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Learn all the tips and tricks for freezing peppers to save a ton of time and money. Learning how to freeze peppers (diced, sliced, rings, and whole) is a great way to preserve this delicious staple of so many recipes. A freezer stash of frozen peppers opens the door to amazing and speedy meals.

a baking sheet with different shapes of frozen peppers

Frozen peppers are so versatile, but I get it…you don’t have time for a complicated preservation method. So, instead, we’re preserving this crop in the freezer. No canning, nothing fancy, and no special equipment. Get ready for EASY!

A bag or container of frozen peppers ready to go makes your easy healthy meal prep a breeze. Prepped frozen produce is a staple in our Freezer Essentials. With your mise en place ready to go, you’re about to CRUSH fast dinners.

Out of freezer space? Check out our post on Drying Peppers.

Can You Freeze Peppers?

Yes you can! They’re not going to be as crispy as a fresh pepper, but they’re incredible in baked dishes.

They’re a great staple to have in your freezer for fast weeknight meals and speedy soups and stews. They’re perfect in this Instant Pot Tortilla Soup With Rice. Check out my complete guide on how to freeze fresh produce.

Have you heard of the term “Holy Trinity” when it comes to recipes? It refers to three ingredients important to Cajun cooking – peppers, celery, and onions. With the home freezing method, you can freeze each ingredient individually or in portions that you know you’ll be using for dishes. Related: How to Freeze Onions and How to Freeze Celery.

sliced peppers of different colors on a tray

Can I Freeze Whole Peppers?

You can! Remove the tops, scoop out any seeds that you can access, and freeze the “body” and the top separately. Store together once frozen.

Can I Freeze Fresh Chopped Peppers?

Yes! They work great in things like Air Fryer French Bread Pizza, Make-Ahead Scrambled Eggs, Paleo Salmon Cakes, Asian Pork Meatballs, and Jalapeno Popper Wontons.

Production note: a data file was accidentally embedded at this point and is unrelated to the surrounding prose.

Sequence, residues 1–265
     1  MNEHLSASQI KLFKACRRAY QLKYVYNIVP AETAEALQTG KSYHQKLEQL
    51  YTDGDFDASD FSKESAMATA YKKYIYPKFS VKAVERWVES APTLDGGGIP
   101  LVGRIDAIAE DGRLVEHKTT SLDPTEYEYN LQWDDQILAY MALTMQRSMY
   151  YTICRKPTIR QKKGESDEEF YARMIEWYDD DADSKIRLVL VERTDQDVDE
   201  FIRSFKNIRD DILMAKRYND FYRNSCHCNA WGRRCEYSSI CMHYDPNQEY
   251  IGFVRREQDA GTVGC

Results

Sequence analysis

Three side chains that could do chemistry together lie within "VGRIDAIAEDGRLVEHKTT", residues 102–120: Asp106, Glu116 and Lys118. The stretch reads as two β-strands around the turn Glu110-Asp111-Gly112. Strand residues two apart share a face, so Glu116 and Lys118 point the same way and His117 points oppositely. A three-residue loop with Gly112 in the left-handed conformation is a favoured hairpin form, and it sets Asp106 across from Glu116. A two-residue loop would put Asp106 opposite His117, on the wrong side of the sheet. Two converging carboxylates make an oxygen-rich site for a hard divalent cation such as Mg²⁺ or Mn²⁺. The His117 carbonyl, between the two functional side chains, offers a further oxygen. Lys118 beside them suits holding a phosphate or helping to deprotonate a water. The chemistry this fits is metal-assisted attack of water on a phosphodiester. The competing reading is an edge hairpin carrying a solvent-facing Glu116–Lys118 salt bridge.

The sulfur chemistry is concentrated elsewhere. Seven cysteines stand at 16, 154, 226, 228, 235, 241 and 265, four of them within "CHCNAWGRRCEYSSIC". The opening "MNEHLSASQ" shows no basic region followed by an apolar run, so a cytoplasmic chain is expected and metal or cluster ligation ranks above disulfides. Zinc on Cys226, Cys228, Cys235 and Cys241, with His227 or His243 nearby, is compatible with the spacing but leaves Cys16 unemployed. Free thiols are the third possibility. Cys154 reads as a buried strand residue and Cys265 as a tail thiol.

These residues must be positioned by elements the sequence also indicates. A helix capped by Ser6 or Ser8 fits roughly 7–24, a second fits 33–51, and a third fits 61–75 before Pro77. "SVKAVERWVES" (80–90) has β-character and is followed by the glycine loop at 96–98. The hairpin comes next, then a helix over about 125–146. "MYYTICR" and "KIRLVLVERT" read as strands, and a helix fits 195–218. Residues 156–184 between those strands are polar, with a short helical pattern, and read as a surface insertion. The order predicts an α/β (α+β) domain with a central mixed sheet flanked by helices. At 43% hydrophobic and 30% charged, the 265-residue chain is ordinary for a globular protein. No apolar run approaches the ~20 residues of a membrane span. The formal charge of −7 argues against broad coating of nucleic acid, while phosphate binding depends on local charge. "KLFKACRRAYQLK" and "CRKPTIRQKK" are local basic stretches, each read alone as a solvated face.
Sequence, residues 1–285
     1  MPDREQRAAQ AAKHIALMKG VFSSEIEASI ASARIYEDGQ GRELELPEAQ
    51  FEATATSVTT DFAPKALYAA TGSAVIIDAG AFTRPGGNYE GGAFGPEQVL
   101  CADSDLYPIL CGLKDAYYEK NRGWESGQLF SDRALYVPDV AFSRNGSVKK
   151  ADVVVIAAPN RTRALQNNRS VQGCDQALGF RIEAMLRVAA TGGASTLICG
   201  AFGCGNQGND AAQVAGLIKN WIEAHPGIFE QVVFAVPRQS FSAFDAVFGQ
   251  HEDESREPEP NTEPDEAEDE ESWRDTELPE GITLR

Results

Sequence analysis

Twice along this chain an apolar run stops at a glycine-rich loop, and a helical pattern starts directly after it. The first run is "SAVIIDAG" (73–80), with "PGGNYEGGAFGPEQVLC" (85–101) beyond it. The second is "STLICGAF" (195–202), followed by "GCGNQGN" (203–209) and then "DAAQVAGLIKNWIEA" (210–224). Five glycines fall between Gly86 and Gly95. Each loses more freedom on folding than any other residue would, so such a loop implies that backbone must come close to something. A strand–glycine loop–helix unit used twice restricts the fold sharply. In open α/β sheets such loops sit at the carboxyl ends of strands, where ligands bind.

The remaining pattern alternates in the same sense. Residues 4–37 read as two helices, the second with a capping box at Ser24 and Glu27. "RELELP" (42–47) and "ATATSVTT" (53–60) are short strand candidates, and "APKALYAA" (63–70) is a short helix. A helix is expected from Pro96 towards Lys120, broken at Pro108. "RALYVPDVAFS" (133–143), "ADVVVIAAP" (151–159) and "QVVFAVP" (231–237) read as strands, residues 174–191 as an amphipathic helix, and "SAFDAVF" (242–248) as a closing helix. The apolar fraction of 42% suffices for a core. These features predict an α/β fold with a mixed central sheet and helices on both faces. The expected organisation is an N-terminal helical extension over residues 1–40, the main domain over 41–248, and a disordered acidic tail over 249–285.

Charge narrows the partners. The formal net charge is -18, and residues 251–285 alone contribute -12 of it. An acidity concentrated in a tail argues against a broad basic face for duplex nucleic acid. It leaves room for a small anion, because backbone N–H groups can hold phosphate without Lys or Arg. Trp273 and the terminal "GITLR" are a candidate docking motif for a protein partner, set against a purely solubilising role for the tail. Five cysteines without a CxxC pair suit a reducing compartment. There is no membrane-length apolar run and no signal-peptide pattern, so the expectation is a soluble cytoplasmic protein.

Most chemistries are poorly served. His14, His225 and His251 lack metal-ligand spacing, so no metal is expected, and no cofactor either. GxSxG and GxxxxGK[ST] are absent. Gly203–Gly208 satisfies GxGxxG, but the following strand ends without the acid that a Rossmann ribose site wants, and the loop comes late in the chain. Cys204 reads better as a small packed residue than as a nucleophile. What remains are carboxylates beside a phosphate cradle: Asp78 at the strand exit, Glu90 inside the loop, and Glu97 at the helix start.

If you’re cutting a lot of them, I highly recommend pulsing them in a food processor to save time.

How to Store Frozen Peppers

I really like these silicone freezer bags because they stand upright on their own, making them easy to fill.  If zero waste is your jam, check out this post on Zero Waste Food Storage on how to green your kitchen.

If you’re using Ziploc-style bags, removing additional air from the bag will keep your peppers safe from freezer burn. To accomplish this, you can use a vacuum sealer (we have and love this Vesta Precision Elite and you can get 10% off of yours via this link) or a straw.

Place a straw in the corner of a freezer bag and close the bag as tightly as possible. Suck the air out through the straw 1-2 times and quickly remove the straw and seal the bag.

You can also store your frozen peppers in canning jars for exact measurements that are ready to add to recipes (4 oz jars = 1/2 cup, 8 oz jars = 1 cup).

frozen peppers in a freezer bag on a white board with fresh peppers

Pro Tips/Recipe Notes For Freezing Peppers

  • If you are processing hot peppers or a big batch, it is worth it to wear gloves to protect your hands and eyes. As someone who wears contacts, I always remove them and wear my glasses when working with peppers.
  • Frozen peppers will last in a conventional freezer for six months. If you have a deep freeze/stand-alone freezer, you’re safe to keep them in there for up to a year.
  • It is best to leave spicy peppers whole when freezing.


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Freezing Peppers {How to Freeze Peppers}